February 12, 2018

China Critical of Indian Nuclear Submarine's Major Accident

The following is part of a Chinese Global Times article of February 6, 2018 by "Beijing-based naval expert" Li Jie at http://www.globaltimes.cn/content/1088479.shtml :

“...[India's first indigenous nuclear submarine] INS Arihant passed all trials in February 2016 and was commissioned into service in August [2016], making India the sixth country in the world to put a nuclear-armed submarine into operation. That was considered a milestone in the history of Indian Navy's development.

However, it was recently disclosed that the vessel had suffered a mishap after less than two years and not sailed for more than 10 months.

According to the Hindu, INS Arihant's propulsion compartment was damaged after water rushed in when a hatch on the rear side was left open by mistake. Since the accident, the submarine has been undergoing repairs and clean-up. Besides other repair work, many pipes had to be cut open and replaced. "Cleaning-up" of a nuclear submarine is a laborious task that requires a lot of effort, money and time.

The Indian submarine was built at a cost of $2.9 billion. Why did such a silly human error occur so as to damage it? The direct causes seem to be inadequate management, indiscipline and slackness among officers and soldiers of the Indian Navy.

...India has long dreamed of becoming a military power. It hopes to acquire more core defense technologies as soon as possible. However, most of India's weapons are purchased from major military powers including Russia, France, the UK and the US. The sources of India's weaponry and equipment are complicated.

Norms and technical standards that various countries follow to make weapons are different. Coupled with the fact that India is also developing indigenous weapons, it's fair to say that the country's arsenal is a hodgepodge.

...Improvement in military technology does not come about overnight. It is a long process that is not solely a military issue, but also related to a country's comprehensive strength, level of technology, manufacturing capability and quality of personnel. But the Indian military has been over-anxious for quick results in recent years and has paid too much attention to dealing with China. This will inevitably lead to adverse consequences."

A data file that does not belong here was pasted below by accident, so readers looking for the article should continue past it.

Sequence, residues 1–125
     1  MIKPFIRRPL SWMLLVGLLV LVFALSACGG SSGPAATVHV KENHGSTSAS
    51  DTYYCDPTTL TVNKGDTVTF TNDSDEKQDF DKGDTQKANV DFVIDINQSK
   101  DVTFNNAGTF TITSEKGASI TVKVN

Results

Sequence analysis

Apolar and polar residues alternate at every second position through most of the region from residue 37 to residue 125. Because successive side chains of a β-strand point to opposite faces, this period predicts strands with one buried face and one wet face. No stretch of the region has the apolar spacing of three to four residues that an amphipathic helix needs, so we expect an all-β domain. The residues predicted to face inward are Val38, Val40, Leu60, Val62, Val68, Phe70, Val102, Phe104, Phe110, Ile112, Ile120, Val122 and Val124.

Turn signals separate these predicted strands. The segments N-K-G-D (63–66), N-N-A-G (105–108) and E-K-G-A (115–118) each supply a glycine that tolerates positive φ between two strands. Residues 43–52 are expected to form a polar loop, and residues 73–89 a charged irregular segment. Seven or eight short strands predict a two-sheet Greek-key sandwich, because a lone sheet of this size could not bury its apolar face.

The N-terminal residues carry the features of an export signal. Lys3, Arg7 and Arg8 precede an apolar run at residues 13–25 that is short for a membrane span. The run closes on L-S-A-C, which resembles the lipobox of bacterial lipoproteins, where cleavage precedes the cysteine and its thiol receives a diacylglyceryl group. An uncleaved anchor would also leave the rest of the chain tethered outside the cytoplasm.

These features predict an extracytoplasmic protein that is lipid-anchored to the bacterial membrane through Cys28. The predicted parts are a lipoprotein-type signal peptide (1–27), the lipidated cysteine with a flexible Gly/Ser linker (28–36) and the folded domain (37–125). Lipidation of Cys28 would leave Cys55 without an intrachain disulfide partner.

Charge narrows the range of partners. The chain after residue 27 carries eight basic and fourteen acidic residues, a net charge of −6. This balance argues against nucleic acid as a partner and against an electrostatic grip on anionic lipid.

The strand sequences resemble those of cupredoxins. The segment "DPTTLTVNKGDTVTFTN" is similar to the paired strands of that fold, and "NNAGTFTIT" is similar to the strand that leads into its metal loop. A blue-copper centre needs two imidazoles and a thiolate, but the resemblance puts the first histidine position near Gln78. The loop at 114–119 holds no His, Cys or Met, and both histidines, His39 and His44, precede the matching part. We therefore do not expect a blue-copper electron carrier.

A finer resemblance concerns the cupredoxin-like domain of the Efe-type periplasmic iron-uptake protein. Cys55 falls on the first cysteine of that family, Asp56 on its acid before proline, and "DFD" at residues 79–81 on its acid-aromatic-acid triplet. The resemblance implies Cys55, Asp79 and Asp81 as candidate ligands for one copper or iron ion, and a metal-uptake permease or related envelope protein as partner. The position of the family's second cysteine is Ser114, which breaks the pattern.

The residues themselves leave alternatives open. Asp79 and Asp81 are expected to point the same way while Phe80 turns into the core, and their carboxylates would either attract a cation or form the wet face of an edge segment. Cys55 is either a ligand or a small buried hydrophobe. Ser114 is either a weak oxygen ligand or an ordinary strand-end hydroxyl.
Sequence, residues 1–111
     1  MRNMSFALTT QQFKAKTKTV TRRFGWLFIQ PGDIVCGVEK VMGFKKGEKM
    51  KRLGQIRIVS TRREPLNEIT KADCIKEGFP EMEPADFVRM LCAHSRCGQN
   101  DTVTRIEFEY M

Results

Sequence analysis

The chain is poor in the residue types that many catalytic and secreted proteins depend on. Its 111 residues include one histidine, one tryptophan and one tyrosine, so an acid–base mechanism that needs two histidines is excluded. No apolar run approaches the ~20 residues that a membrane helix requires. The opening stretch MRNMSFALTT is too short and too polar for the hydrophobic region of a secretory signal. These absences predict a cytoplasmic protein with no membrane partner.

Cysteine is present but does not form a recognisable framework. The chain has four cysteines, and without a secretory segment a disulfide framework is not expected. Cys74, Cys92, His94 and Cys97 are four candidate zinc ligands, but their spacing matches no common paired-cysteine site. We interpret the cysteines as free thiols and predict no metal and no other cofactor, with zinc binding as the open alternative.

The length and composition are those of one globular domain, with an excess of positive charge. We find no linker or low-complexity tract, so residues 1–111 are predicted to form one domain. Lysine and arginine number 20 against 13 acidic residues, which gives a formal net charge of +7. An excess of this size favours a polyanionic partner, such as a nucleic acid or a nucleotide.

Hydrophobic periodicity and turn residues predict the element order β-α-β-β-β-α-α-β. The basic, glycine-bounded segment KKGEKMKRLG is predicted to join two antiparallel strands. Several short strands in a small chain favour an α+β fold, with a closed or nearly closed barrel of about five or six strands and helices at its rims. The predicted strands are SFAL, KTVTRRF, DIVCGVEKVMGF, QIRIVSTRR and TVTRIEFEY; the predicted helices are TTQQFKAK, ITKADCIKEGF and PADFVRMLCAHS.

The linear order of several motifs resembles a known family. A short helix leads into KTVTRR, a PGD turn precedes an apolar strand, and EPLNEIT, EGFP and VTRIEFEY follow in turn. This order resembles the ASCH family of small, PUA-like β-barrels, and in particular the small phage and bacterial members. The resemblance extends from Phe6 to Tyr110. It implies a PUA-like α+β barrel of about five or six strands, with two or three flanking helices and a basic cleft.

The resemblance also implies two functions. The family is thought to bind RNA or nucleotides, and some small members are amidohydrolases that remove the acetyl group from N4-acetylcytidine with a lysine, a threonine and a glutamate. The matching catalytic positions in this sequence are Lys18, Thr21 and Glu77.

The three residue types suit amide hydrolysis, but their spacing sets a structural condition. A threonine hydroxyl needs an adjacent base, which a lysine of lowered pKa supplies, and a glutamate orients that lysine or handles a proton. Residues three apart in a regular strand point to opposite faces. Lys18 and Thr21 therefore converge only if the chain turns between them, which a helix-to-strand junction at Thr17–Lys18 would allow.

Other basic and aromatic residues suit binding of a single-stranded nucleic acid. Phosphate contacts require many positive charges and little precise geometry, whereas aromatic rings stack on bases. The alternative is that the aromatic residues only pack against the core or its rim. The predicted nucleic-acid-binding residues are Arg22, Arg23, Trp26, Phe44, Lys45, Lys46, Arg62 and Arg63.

(Illustration by Liu Rui/GT in Chinese Global Times article, February 6, 2018 at http://www.globaltimes.cn/content/1088479.shtml)


All submarine services have accidents, some tragically fatal. China would do well to remember the fate of Chinese Navy’s (PLA-N's) Type 035 Ming submarine No. 361:

In 2003, “all 70 crew members [of 361] died when the submarine's diesel engine used up all the oxygen (because it failed to shut down properly) while the boat was submerged on April 16, 2003. The submarine, which was [extraordinarily] commanded by [a] Commodore Cheng Fuming (程福明), had been taking part in naval exercises east of Inner Changshan Islands in the Bohai Sea of Northeastern China. Along with its normal complement, the crew also included 13 trainee cadets from the Chinese naval academy.[3]

After the disaster, the crippled submarine drifted for ten days because it was on a silent, no-contact exercises. The boat was discovered by Chinese fishermen who noticed its periscope sticking above the surface on April 25, 2003.”

See a less critical Submarine Matters article of January 15, 2018 on INS Arihant's accident.  


Josh said...

Chicom hit piece. I'm sure that author never had any criticism of all the failures the Han and Xia classes went through, both of which were largely considered failures even inside China from what I understand.


twitter: @squid_jigger

Peter Coates said...

Hi Josh

Yes the Type 091 Han class SSN " is well known for having a noisy reactor and poor radiation shielding, which causes health hazards for her crew as nuclear radiation levels are higher than they should be aboard the submarine. The submarine is also inhibited by an inability to launch missiles while submerged. This creates a tactical disadvantage against opponents that have well-developed anti-submarine warfare systems.

Their design and weapons appear to be inadequate for confronting modern warships. It is believed that long refits have often meant that these submarines have spent more time in port than out at sea, greatly affecting their operational capacity." https://en.wikipedia.org/wiki/Type_091_submarine#Criticism

Meanwhile the one known Type 092 Xia class test bed SSBN stayed "...pierside for so long there were rumors it had caught fire and sank in 1985" Meanwhile "A second [Xia] is thought to have been completed in 1982...It is suggested, though not confirmed, that this second Type 092 was lost in an accident in 1985." https://en.wikipedia.org/wiki/Type_092_submarine

All facts or rumours China keeps quiet.